FPM ministers and others from Hezbollah said it was highly possible they would boycott Cabinet sessions if Basbous’ term is extended on June 5.

Although no firm decision was made on either of these issues, the government did appoint four members to the Higher Judicial Council: Judges Michel Tarazi, Tannous Meshleb, Mohammad al-Mortada and Marwan Karkabi.

The Cabinet also approved an advance payment of LL10 billion to the Rafik Hariri University Hospital, currently in the midst of a financial crisis, and LL2 billion to Baabda’s Public Hospital.

But not everyone shared the relative calm of the Cabinet talks. Hezbollah’s parliamentary bloc slammed the Future Movement in a statement, accusing it of “embracing” jihadi groups in Arsal’s outskirts.

“The voices by some Future Movement MPs and officials come in the context of creating trouble, confusion and distorting truth, which they are used to,” the bloc said in a statement issued following its weekly meeting.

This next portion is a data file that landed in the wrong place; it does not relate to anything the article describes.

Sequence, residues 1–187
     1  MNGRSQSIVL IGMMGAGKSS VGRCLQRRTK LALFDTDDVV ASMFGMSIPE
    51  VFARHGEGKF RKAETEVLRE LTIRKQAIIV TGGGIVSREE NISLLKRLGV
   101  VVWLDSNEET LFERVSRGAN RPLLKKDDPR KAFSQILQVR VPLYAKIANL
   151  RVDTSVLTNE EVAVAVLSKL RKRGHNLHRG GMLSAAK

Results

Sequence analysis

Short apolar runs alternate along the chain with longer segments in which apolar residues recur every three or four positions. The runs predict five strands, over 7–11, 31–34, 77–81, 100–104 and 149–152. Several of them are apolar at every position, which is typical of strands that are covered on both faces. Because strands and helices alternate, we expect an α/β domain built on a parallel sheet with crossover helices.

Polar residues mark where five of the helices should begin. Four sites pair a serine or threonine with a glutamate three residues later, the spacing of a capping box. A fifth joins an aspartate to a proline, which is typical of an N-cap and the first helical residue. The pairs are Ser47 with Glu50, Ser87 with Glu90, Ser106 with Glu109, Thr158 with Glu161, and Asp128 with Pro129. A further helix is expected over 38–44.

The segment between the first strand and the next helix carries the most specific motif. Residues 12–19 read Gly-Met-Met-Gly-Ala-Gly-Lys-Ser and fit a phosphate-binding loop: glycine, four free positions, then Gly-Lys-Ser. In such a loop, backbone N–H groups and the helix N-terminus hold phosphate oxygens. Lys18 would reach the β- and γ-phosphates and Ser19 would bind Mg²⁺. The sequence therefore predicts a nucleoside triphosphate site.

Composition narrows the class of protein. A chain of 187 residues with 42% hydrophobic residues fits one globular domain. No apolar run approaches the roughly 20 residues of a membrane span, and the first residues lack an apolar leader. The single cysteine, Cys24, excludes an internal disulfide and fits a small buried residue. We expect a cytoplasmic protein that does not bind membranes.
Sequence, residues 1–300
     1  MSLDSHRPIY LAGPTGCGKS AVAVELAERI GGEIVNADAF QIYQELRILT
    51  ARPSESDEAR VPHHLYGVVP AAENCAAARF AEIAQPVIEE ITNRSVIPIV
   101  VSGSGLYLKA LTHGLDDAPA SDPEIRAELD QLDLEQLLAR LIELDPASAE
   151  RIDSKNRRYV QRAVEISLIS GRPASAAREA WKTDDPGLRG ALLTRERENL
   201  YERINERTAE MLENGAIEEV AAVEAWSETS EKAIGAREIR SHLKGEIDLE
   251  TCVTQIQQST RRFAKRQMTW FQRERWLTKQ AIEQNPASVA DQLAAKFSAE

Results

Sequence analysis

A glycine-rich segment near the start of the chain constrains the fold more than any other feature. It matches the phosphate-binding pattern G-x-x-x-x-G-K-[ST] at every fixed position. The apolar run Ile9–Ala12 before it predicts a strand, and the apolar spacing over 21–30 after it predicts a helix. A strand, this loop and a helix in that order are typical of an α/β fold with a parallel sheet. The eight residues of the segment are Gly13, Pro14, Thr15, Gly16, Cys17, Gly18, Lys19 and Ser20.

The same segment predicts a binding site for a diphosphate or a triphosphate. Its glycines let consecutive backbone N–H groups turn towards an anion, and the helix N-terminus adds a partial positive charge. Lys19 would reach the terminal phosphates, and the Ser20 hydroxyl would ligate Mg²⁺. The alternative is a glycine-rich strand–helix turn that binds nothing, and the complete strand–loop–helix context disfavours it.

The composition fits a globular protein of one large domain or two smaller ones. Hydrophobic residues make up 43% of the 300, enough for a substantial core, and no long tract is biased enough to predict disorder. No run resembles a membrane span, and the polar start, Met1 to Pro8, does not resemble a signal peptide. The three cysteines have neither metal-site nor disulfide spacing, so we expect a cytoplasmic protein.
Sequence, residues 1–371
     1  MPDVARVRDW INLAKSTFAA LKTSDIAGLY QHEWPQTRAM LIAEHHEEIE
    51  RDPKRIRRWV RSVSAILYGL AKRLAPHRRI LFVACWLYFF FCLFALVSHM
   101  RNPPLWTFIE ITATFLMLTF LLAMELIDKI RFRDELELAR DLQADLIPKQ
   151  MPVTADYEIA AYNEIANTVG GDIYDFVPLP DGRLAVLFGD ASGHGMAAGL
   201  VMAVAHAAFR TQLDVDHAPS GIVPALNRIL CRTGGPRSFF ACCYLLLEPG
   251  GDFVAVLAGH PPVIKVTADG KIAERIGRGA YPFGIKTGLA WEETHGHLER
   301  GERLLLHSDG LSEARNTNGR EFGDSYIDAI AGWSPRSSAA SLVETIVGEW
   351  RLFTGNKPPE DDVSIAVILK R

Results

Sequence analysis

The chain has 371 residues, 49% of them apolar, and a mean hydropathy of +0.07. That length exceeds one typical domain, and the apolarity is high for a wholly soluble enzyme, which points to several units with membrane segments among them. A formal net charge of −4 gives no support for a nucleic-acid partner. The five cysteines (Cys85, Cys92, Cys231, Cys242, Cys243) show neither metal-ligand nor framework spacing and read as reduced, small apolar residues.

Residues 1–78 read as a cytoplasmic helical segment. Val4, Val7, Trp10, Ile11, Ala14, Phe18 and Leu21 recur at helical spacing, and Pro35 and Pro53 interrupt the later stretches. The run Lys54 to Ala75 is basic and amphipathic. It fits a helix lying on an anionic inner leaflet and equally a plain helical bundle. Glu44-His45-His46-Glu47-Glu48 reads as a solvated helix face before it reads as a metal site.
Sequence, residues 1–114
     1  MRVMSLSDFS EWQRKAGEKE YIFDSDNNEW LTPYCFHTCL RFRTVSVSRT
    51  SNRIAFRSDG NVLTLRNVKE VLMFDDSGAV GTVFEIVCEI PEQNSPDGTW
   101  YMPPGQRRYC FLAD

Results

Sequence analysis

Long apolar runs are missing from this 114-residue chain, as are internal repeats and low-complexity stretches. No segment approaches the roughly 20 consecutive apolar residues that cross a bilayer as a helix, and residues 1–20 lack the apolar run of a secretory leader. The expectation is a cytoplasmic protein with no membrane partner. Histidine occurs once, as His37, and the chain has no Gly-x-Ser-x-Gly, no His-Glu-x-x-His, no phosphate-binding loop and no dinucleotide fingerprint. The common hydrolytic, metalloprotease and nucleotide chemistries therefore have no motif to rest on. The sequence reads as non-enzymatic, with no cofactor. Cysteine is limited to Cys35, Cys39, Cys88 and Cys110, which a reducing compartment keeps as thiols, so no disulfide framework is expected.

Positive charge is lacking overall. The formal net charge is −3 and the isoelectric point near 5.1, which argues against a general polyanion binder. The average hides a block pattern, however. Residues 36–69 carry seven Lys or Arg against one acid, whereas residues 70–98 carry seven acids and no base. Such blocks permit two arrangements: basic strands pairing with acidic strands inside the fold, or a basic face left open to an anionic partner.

“[They] will not succeed in providing cover to their party’s involvement in embracing [...] takfiri terrorist gangs in Lebanon, or in covering [up] its political and moral responsibility for violations and crimes which targeted the Lebanese,” the statement read.

Berri was quoted by visitors Thursday evening as saying that rising tensions between Hezbollah and Future would not bring a halt to the dialogue sessions the groups have held since last December.

“No one can stop the dialogue. This dialogue kicked off only after I got Iranian and Saudi approval, and it will continue,” said Berri, who claimed that the stability Lebanon is currently enjoying comes was a direct result of the talks.

 
A version of this article appeared in the print edition of The Daily Star on May 29, 2015, on page 1.